Early Spring 2015...
The divorce wrecked me. I was trying to put the pieces of myself back together, to be strong for my daughters. I was living, breathing, and practicing with every ounce of my being the art of fake-it-till-you-make-it. Putting on a brave smile during outings at the park, of which I continued to take them on many. Gushing warmth, love, and affection during bath time and bedtime stories. Listening to their voices and making sure they felt free to talk about their daddy whenever and however they wanted to.
Even so, it was always with a heavy heart. One that never seemed to lift.
Then something happened.
It was a regular weeknight evening. I was taking the girls on a trip to the supermarket. On the way there, the girls (ages 4 and 2) were sitting in their car seats, listening and singing along to the radio, when 4 year old Elise brings up Disneyland, as she often does.
"Mommy, I want to go to Disneyland. Please can we go to Disneyland?"
I tell her, like I always do, "Yes, Elise! We are definitely going to Disneyland. It's really expensive though. Mommy has to work and save up money so we can go. Okay?"
She accepts this answer, like she always does.
When we get to the Ralph's supermarket, we see that there are new shopping carts in the parking lot. They're shopping carts for kids, with plastic cars jimmied to the front and big enough for two kids to sit in and steer. My little girls are absolutely ecstatic to squeeze themselves into the cart. We go about our shopping--gathering the few items we need--pay at the cash register, and leave the store.
As we are leaving, I glance at my kids to make sure they're sitting safely in the front of the cart. After all, we were about to make our way into a parking lot. I see my kids pretending to steer. They are having pure fun. Suddenly, it dawns on me that this is kind of like... a ride at Disneyland.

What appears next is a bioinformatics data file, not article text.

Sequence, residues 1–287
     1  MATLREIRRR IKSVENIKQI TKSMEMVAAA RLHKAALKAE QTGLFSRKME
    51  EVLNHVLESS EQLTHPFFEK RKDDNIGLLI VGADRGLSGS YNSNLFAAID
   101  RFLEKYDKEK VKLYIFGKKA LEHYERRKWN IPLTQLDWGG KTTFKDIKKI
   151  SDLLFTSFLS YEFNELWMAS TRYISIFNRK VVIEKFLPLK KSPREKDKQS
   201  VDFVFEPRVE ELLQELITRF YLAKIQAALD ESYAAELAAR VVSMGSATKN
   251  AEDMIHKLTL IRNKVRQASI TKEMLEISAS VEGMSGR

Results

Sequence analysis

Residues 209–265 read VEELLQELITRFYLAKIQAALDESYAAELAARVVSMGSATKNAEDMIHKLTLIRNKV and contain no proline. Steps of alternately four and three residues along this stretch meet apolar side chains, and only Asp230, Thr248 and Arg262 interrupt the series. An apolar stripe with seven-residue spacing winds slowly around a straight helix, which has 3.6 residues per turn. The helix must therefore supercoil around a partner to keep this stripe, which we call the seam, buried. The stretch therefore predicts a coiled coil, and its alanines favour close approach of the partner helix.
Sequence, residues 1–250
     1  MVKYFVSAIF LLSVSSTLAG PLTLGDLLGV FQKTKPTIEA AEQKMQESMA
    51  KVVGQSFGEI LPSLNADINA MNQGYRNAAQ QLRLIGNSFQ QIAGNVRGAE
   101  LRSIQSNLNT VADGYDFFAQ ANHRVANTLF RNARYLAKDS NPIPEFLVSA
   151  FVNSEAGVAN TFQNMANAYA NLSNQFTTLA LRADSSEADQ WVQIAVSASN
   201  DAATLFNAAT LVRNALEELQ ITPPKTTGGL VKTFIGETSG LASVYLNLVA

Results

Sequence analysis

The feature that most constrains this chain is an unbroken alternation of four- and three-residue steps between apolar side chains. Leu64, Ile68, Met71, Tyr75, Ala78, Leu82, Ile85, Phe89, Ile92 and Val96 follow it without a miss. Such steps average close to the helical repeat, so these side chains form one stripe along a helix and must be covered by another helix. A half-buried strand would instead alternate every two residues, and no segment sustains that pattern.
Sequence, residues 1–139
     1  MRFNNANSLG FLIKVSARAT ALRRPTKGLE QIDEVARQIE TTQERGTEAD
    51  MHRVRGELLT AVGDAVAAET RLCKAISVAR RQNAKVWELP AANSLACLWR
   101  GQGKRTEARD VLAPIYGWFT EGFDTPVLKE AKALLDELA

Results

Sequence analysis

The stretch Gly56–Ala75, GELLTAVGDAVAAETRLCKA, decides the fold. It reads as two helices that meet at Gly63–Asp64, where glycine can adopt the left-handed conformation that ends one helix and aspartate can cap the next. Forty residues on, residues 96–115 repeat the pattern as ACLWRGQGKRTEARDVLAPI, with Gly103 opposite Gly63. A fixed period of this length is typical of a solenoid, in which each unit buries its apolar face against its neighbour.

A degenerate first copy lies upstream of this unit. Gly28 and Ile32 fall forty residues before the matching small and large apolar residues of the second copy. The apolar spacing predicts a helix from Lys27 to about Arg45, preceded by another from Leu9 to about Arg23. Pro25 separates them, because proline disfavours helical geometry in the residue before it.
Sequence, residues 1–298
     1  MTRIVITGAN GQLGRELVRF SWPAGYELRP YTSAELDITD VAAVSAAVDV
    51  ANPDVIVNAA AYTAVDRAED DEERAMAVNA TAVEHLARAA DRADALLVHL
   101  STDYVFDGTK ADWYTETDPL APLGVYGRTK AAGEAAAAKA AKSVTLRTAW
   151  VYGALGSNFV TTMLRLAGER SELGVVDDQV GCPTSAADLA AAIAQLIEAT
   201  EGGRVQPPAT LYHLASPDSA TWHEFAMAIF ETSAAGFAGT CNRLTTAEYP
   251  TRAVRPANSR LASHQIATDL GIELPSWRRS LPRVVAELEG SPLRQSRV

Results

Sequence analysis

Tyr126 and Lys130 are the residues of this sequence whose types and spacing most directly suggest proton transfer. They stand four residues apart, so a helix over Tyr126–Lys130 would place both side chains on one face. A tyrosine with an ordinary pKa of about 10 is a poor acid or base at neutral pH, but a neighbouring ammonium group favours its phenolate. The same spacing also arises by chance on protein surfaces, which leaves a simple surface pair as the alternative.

I say, "Hey, you want to take a ride around the parking lot?"
To which Elise jubilantly responds, "Yes!!!"
With groceries still in the cart, I take off running. It was nighttime, probably 7:30 p.m. The parking lot, though not deserted, isn't as crowded or as busy as it usually is. The air was crisp and pleasant, and I was in good shape again from exercising. I run fast and push them around the perimeter of the parking lot. This is exhilarating for my girls! And for me, it was incredibly gratifying to be the impetus of their joy. My legs easily carried us around the parking lot, and I adeptly maneuvered the four turns that brought us back to our starting point.
As I unload the kids, a burgundy car pulls up beside us. The gentleman sticks his head out of the window and points his finger at us. He hollers, "BEST MOM EVER!"
I am utterly stunned by his comment.
I tell him, "Thanks!"
He says one more time, "Best mom ever!"
And he drives off.
That guy, with his comment, gave me such a sense of happiness and validation. He appreciated what I was doing for my kids, and he appreciated it enough to go out of his way to let me know. It was nothing short of a gift.
Amidst the bleak sadness of my situation, it made me want to fall to my knees and thank the universe for the gift of his comment. He had no idea how badly I needed someone or something to lift me. At that moment, I had hope.
Someday I would be happy again.